As someone else somewhere recently commented (can’t remember who or where, sorry!) blogging can be said to be like “shouting into a very large hole in the ground”.
I only mention that particular metaphor as it’s a fairly accurate description when you consider the core problem with those new to the blog world – scale. I’ve been pondering this since that Sunday Times article and think it might be worthwhile some of us taking a small step back so we can see the forest we are currently inhabiting.
Go on, step back, step out of the trees. Bloody long way, ain’t it. And what’s with all this marshland, not to mention the rotting blog corpses all over the place, the big shouty noises from behind that bush, and the fact that all the trees seem to be tightly gathered in bunches. Yipes, is that a pack of wolves!!? Ohh no my mistake, it’s a flutter of butterflies, how pretty. Ohh yeuch, I’ve just realised that the entire forest floor is covered in decomposing mulch and there is a distinct smell of bullshit.
Buggeration, now I’m lost.
Can’t see the forest for the trees? I can’t even find the path!
[Ed: Get off this metaphor train, next stop is No Reader City!]
Anyway my, partial, point is this. We all know journalists are lazy, so why are we surprised when they keep coming up with sweepingly awful generalisations about blogging? The view inside the “blogosphere” is very very different to that on the outside. I know where to find (what I consider to be) a lot of good blogs, I know which ones to avoid, I can tell the casual blogger from the dedicated hobbyist, but no-one from the press bothers to ask me. I bet they don’t ask you either.
Now, I’m no researcher (is it THAT obvious?) but given the sheer number of blogs, with more being added every minute, it’s almost no wonder that finding good examples is so hard. It’s not surprising that, when they see the size of the forest, our journalist cohorts plump for those sites on the fringes instead of delving past the sticky willows to find the richer pickings (lost my way a bit on that one, but you get what I mean).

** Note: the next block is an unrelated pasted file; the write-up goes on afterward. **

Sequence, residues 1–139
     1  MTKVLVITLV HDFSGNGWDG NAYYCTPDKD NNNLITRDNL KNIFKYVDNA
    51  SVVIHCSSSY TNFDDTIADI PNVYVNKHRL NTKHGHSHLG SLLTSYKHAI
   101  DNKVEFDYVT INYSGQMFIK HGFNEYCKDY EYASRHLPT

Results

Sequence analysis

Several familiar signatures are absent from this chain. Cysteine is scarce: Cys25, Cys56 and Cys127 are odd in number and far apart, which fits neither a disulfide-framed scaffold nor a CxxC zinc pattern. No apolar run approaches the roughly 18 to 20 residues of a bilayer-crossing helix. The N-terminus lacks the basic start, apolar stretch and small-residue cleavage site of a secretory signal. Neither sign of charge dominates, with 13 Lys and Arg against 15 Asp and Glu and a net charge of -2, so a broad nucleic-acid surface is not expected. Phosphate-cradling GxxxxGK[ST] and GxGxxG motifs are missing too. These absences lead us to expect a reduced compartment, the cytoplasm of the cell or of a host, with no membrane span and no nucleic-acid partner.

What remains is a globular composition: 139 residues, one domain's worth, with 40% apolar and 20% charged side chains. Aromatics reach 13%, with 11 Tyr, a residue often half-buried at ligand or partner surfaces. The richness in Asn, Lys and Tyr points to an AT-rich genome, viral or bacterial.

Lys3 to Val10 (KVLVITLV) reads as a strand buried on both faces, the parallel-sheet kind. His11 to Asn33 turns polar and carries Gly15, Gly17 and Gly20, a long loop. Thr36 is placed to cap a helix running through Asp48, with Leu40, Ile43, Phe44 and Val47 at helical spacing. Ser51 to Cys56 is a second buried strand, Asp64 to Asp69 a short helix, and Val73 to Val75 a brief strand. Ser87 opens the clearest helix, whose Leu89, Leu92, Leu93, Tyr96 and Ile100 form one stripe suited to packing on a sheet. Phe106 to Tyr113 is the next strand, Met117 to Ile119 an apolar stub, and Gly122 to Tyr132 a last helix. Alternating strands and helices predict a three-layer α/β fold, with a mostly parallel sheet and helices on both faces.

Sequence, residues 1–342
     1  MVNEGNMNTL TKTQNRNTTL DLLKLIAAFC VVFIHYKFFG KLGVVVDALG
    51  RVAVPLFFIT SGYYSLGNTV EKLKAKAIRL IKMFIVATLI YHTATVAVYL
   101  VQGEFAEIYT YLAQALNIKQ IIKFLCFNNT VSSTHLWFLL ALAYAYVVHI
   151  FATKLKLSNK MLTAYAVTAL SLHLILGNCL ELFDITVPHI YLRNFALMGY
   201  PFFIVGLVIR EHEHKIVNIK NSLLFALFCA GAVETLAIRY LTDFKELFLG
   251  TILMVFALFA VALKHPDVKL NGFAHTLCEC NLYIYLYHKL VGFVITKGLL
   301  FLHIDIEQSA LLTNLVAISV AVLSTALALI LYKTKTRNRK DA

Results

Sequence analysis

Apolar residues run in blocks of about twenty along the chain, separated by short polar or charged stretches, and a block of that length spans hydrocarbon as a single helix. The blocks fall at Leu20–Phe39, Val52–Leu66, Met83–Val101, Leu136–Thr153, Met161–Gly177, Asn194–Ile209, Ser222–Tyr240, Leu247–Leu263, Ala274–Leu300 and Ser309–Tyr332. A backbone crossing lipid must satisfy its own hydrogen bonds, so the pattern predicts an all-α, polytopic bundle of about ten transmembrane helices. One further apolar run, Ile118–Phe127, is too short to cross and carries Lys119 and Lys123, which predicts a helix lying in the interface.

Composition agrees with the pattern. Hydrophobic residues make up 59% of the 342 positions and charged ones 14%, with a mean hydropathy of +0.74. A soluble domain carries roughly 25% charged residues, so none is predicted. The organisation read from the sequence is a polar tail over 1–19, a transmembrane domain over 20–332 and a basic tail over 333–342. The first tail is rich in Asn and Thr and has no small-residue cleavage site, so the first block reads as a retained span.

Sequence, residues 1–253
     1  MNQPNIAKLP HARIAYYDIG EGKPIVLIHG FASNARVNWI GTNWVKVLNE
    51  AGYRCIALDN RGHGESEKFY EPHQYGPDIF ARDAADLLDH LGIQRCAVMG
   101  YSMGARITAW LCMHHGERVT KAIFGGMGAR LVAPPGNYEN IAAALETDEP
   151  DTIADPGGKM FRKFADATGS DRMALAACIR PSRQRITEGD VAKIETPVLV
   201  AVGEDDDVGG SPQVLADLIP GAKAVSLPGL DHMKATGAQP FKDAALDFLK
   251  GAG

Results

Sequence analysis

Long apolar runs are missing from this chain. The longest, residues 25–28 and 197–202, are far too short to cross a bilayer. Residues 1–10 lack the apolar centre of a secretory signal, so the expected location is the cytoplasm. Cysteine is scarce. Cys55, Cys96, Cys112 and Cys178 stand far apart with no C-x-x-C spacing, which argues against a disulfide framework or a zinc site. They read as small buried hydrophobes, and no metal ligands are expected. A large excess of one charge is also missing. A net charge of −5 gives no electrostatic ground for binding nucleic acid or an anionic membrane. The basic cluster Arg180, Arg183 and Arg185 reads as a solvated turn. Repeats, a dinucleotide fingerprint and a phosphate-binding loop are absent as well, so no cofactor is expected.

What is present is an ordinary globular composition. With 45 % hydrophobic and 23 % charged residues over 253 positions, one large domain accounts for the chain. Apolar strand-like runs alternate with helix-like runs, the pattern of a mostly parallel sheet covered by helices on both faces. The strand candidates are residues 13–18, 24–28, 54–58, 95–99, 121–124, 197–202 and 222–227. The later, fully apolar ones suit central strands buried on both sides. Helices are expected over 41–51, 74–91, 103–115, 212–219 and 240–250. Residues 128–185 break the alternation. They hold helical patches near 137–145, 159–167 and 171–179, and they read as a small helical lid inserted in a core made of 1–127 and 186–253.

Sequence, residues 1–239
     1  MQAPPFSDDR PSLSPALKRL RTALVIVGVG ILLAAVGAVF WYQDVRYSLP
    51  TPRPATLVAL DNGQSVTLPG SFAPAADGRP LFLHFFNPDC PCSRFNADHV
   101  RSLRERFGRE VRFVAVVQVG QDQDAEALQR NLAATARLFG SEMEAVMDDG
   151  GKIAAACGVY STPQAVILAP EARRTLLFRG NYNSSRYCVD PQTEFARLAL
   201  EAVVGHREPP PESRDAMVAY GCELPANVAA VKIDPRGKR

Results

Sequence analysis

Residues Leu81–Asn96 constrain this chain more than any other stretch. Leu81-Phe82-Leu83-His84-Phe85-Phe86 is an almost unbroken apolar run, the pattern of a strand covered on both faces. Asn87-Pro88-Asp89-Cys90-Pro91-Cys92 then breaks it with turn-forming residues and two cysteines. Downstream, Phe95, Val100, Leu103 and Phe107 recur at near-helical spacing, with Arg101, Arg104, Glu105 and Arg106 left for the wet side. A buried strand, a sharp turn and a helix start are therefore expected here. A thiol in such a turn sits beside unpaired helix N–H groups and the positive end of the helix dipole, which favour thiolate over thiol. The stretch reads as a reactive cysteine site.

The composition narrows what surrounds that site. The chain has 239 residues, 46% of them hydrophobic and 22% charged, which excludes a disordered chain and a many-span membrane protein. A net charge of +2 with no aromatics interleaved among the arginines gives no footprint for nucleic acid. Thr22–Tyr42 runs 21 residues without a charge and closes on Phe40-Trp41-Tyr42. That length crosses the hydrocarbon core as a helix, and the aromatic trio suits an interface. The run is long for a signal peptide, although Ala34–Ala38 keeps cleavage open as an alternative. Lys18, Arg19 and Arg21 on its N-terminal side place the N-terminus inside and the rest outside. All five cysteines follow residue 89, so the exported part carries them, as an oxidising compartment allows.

Of course that isn’t an excuse, these journo guys and gals are paid to go that little bit further into the forest, but I think there shortcomings are understandable if not excusable. Mind you, even then, if all they can find is the dregs then I wonder why they keep writing articles about them?
What’s most odd is that this has been churning on and on and on for over two years now. Every now and then we get the equivalent of a small solar flare and every jumps up and down, shouts a lot, and tries to sound important and knowledgeable – The sun is exploding, the end of the world is nigh!! Blogging is the new journalism!! and so on. A few weeks later and everyone has put it to one side, only for the same arguments and babble to be dragged out later on.
So when a journalist gets some basic facts wrong about this little hobby of ours what should we do? Well, we are in a unique position to correct, few other hobbies have such an easily accessible, and global, interface so obviously there is plenty of scope for us to educate and enhance. Of course the view is that journalists, and this is where I’M generalising, are basically bashing blogs as they see them as a threat. If that’s the case then why don’t we take the high road here, be the grown up, and invite them in for a snoop around.
In the long run if bloggers and journalists are going to be competing (I wonder when a new term will be invented that will cover the new breed of blogging journalists that is sure to come about as both mediums become less and less distinct – joggists?? blornalists??) then the actions and noise that is currently being made is going to be used to set the scale. We have the bigger voice, it’s just a pity it is so fractious.
P.S. THIS may be another argument for why the Bloggies are a good thing. But I can’t be bothered taking it that far.